By RUPERT MISSICK Jr
A DEMOCRACY lives and dies on the outrage of it’s citizenry. That is, it thrives based on the signals the people of that democracy send to their leadership. The level of what is acceptable in their society, or even what their leaders can get away with, rises and falls on how the public responds to the actions and words of their political, civic and religious leaders.
That is why it was good and proper that the public was upset by Tall Pines MP Leslie Miller’s gallows humour in the House of Assembly last week.
As he was criticising the FNM for what he described as them not looking out for the best interests of fishermen while they were in government, he likened the previous Ingraham administration’s relationship with fishermen to a woman being abused.
“That’s like beating your wife or your girlfriend every time you go home, you just beat her for looking at her. I love you. Boom, boom, boom. I had a girlfriend like that. When I didn’t beat her she used to tell me I ain’t love her no more cause I don’t hit her.
“But seriously I had one like that. I had one. She used to tell me...”
At that moment, House Speaker Dr Kendal Major interjected stating: “We know that you are joking with that.”
However, Mr Miller continued: “No I serious with that. I tell her I get tired man. My hands hurting a little bit, give me a break.
“I am telling you the truth. One thing I don’t do is lie.”
During Wednesday’s session, however, he insisted that he had “never abused a woman in my entire life” and that his comments were spoken in “jest”.
Our politicians are notoriously tone deaf. As a matter of fact, they seem to enjoy that state of existence. It was absolutely sickening to hear some of his colleagues chortling at this “joke” and absolutely pathetic that not more of them publicly voiced their disapproval.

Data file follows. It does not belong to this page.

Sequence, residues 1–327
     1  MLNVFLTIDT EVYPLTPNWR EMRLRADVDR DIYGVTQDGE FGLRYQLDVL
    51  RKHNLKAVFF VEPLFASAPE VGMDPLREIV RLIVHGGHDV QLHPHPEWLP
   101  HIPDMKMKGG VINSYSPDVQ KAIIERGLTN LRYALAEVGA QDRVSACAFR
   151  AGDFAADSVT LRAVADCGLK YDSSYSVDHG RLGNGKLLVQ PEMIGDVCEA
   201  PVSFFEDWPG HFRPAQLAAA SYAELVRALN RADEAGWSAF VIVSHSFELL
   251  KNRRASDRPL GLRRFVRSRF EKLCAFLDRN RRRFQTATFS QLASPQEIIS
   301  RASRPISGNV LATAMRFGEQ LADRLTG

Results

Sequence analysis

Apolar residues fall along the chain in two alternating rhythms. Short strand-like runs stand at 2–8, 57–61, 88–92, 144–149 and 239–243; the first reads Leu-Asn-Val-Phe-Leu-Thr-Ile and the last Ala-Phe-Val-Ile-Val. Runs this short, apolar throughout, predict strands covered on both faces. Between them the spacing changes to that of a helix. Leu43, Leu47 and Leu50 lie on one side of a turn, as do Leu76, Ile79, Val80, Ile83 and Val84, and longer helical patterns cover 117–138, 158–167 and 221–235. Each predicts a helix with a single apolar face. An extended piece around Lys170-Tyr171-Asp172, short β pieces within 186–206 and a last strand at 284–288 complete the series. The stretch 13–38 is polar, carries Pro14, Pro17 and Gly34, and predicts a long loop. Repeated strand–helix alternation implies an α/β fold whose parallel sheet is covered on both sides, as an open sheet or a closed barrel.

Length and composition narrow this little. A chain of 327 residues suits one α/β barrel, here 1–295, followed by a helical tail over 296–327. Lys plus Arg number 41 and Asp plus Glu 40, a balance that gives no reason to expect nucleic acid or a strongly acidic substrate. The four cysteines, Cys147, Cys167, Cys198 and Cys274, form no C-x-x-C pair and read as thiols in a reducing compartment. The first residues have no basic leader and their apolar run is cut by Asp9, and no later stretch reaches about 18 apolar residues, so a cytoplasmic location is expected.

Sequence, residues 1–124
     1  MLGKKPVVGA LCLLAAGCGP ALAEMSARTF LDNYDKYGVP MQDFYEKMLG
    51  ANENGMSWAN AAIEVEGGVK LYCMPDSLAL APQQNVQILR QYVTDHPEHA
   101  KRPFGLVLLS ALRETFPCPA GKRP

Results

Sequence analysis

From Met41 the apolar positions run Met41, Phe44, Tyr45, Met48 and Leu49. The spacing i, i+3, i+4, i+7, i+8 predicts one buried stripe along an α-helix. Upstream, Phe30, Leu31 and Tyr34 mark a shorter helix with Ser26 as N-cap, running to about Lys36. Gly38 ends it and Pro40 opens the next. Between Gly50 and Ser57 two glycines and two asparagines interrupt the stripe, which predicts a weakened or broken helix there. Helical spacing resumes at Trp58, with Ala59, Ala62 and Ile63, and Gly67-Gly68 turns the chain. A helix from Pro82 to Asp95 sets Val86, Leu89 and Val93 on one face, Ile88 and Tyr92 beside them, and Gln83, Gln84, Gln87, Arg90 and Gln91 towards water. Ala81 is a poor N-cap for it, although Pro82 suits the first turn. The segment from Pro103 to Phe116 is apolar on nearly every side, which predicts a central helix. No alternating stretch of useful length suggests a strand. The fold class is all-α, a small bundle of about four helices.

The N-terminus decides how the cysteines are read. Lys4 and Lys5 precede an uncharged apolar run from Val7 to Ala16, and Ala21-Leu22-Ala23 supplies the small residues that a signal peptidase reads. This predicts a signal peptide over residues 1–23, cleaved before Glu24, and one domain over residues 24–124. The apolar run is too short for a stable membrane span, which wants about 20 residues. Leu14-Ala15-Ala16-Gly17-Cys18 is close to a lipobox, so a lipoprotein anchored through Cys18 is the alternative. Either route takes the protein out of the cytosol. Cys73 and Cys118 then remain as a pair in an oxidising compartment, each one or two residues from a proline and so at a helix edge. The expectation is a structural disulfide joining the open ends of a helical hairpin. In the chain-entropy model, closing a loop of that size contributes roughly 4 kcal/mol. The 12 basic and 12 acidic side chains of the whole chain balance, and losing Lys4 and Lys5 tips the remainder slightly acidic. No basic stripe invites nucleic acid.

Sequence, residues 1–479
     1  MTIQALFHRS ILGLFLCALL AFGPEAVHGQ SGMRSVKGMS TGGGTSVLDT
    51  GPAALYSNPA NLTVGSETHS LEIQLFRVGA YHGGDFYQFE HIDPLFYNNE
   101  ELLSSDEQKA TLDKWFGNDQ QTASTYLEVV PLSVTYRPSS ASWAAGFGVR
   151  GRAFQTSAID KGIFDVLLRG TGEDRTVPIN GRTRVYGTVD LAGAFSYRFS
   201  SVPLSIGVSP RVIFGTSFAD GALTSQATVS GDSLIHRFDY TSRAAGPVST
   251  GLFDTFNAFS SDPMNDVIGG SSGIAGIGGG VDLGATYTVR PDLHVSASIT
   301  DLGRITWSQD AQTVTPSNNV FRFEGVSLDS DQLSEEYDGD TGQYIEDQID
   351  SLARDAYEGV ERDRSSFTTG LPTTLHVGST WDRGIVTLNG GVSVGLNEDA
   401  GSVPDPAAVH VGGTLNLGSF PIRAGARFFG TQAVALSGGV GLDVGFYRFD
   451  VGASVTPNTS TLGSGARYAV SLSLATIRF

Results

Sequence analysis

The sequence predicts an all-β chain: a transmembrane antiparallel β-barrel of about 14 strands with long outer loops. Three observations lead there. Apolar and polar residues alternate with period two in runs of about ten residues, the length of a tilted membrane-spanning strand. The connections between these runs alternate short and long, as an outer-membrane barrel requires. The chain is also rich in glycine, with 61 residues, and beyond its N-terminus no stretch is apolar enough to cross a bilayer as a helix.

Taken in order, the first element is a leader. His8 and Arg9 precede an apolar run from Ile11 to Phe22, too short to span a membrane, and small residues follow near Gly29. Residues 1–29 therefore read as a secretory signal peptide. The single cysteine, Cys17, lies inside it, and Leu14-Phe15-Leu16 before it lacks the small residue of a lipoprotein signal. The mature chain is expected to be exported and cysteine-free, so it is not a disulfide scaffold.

We should be embarrassed for the women who did not speak out and question the manhood of the “honourable” men who enjoyed the “joke”.
How a member of parliament can forget the kind of society they live in and serve is a dazzling study in how the supposed philosopher kings of a nation can be so far removed from the reality of the people under their care.
Not only are the number of reported rapes and instances of domestic violence high in The Bahamas for the size of its population, but domestic violence is the leading reason behind why a woman can be murdered in this county.
Even more confusing than why Mr Miller thought these comments were funny, was why he decided at his next opportunity in the House to lash out against the media for reporting it and Deputy FNM Leader Loretta Butler for chastising him.
The Tall Pines MP had many opportunities while making the comments to stop where he was and make it clear that he was drawing an analogy, albeit an highly inappropriate one, but he chose to let the Speaker end the session of the House without doing so.
The Bahamas Crisis Centre (BCC), the grossly unappreciated organisation at the fore of the fight against domestic abuse in the country was critical of parliamentarians for making “a mockery of domestic violence”.